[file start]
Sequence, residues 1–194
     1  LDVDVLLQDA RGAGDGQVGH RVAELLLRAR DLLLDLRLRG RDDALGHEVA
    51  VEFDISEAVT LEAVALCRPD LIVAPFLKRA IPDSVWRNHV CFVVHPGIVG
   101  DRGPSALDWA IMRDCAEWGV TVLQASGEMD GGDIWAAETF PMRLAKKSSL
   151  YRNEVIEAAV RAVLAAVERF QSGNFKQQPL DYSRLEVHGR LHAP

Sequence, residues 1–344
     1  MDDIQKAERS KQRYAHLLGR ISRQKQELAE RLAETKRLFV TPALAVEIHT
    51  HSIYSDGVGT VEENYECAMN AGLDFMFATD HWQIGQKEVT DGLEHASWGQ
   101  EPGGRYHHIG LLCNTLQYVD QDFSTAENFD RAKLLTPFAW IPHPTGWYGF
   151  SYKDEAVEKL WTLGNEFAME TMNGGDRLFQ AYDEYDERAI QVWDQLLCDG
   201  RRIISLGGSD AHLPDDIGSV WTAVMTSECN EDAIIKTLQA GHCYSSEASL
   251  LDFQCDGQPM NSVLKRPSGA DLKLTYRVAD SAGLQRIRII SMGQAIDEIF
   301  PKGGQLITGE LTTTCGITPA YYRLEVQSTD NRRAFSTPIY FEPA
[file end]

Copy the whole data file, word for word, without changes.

Sequence, residues 1–194
     1  LDVDVLLQDA RGAGDGQVGH RVAELLLRAR DLLLDLRLRG RDDALGHEVA
    51  VEFDISEAVT LEAVALCRPD LIVAPFLKRA IPDSVWRNHV CFVVHPGIVG
   101  DRGPSALDWA IMRDCAEWGV TVLQASGEMD GGDIWAAETF PMRLAKKSSL
   151  YRNEVIEAAV RAVLAAVERF QSGNFKQQPL DYSRLEVHGR LHAP

Sequence, residues 1–344
     1  MDDIQKAERS KQRYAHLLGR ISRQKQELAE RLAETKRLFV TPALAVEIHT
    51  HSIYSDGVGT VEENYECAMN AGLDFMFATD HWQIGQKEVT DGLEHASWGQ
   101  EPGGRYHHIG LLCNTLQYVD QDFSTAENFD RAKLLTPFAW IPHPTGWYGF
   151  SYKDEAVEKL WTLGNEFAME TMNGGDRLFQ AYDEYDERAI QVWDQLLCDG
   201  RRIISLGGSD AHLPDDIGSV WTAVMTSECN EDAIIKTLQA GHCYSSEASL
   251  LDFQCDGQPM NSVLKRPSGA DLKLTYRVAD SAGLQRIRII SMGQAIDEIF
   301  PKGGQLITGE LTTTCGITPA YYRLEVQSTD NRRAFSTPIY FEPA